Why the NY Jets 'process' to trade up for Breece Hall was logical

NY Jets, Breece Hall
NY Jets, Breece Hall / Reese Strickland-USA TODAY Sports
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NY Jets, Breece Hall
NY Jets, Breece Hall / Reese Strickland-USA TODAY Sports

Many disagree with the NY Jets' decision to trade-up for Breece Hall

The staunch "anti-running back" sentiment among many in the analytics community has been in full force post-draft. Let's get one thing straight first: running backs can matter.

Yes, they're replaceable. Yes, they're more of a luxury than a necessity. But if all things are equal and the situation for said running back is favorable, there's going to be a significant difference between a good and bad running back.

La'Mical Perine isn't going to do what Derrick Henry does in Tennessee. Austin Walter isn't going to replicate Nick Chubb's production.

A bad running back in a bad situation isn't very different from a good running back in a bad situation. But in a favorable situation (coaching/offensive line/etc.), there's a stark contrast between good and bad running backs.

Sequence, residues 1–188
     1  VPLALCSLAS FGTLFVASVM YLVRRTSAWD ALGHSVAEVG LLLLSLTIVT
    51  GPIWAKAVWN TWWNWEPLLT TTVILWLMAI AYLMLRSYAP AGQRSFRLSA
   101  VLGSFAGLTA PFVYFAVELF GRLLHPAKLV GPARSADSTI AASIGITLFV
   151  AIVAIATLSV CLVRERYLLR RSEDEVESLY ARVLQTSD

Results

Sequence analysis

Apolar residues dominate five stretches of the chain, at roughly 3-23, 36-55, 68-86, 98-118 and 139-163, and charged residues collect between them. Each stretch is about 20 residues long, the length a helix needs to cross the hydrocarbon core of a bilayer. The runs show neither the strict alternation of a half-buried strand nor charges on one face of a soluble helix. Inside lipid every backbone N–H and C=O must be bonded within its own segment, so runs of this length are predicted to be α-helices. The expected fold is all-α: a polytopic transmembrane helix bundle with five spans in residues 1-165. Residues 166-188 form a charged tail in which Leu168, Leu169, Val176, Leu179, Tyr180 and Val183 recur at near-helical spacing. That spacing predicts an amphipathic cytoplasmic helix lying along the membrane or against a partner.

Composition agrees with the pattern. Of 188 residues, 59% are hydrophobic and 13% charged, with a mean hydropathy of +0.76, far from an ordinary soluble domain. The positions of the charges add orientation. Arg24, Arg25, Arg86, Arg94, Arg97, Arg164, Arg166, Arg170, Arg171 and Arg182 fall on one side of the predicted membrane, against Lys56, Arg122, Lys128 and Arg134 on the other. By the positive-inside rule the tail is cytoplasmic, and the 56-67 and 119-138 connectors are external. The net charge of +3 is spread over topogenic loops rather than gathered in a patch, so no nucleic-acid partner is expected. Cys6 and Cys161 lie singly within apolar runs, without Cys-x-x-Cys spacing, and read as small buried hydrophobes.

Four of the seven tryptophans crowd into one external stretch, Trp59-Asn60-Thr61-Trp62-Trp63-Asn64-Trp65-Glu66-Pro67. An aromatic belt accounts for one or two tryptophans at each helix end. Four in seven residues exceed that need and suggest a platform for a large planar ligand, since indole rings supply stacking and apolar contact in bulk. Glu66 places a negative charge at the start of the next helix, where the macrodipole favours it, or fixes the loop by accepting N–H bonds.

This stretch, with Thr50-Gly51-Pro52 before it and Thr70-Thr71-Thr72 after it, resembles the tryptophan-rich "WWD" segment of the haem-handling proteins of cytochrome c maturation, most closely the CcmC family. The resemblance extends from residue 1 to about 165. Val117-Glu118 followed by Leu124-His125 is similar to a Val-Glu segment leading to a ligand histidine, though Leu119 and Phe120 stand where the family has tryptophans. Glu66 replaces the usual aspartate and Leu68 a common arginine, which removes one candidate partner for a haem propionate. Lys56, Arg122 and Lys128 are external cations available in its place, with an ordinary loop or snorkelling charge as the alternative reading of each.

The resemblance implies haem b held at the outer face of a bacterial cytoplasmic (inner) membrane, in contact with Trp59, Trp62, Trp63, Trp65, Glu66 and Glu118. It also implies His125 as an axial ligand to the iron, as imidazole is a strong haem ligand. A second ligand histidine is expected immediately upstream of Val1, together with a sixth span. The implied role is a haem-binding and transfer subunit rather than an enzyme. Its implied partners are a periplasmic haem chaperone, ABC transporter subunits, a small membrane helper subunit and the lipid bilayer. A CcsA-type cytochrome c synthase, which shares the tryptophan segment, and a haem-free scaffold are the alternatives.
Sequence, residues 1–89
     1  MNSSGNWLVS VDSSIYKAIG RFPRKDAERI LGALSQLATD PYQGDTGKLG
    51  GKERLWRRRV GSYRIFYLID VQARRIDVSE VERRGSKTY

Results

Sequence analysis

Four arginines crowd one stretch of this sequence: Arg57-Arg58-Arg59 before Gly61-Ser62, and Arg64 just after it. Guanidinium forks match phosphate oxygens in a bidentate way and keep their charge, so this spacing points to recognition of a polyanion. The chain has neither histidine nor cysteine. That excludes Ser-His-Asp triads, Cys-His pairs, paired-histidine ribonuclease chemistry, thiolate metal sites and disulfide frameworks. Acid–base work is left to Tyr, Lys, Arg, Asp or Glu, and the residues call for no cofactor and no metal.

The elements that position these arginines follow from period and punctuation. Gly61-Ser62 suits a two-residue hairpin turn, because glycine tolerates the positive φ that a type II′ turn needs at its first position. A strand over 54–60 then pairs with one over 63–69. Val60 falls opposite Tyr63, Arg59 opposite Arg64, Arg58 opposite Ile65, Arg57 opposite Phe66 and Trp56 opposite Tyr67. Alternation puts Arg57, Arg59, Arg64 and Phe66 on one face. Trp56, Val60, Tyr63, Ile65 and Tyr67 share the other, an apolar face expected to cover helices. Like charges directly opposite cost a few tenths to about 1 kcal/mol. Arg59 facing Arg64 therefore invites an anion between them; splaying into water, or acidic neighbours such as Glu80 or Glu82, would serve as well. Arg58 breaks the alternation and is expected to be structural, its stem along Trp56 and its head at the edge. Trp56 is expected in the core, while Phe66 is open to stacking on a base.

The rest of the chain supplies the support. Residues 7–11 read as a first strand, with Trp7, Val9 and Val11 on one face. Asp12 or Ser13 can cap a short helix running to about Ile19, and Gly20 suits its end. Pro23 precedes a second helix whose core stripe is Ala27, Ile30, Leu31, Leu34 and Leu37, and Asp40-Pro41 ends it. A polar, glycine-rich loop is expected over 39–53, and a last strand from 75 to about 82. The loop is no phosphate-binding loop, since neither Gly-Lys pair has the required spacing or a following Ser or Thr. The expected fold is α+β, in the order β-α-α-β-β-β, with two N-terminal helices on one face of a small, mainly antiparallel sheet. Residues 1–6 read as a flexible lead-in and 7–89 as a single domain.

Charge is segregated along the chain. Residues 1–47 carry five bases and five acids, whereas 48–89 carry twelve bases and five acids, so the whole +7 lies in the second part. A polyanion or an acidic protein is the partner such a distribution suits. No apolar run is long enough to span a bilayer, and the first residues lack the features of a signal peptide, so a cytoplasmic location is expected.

The Jets selected Hall with the obvious belief that he could be a top-10 back in the NFL before long. If that does happen, which again, this is what they believe will happen, then I don't see any argument that he's not worth the equivalent of a second-round pick.

Would Dalvin Cook not be worth a second-round pick in a draft do-over? What about Jonathan Taylor? Nick Chubb? Joe Mixon? These are all top running backs who were selected in the second round, roughly around where Hall was selected.

If Hall's career turns out like any of those listed above, the Jets made the right decision.

Once again, we don't know if Hall is going to be a star in the NFL. We don't have the benefit of hindsight to analyze this trade's long-term impact. All we can discuss is "the process."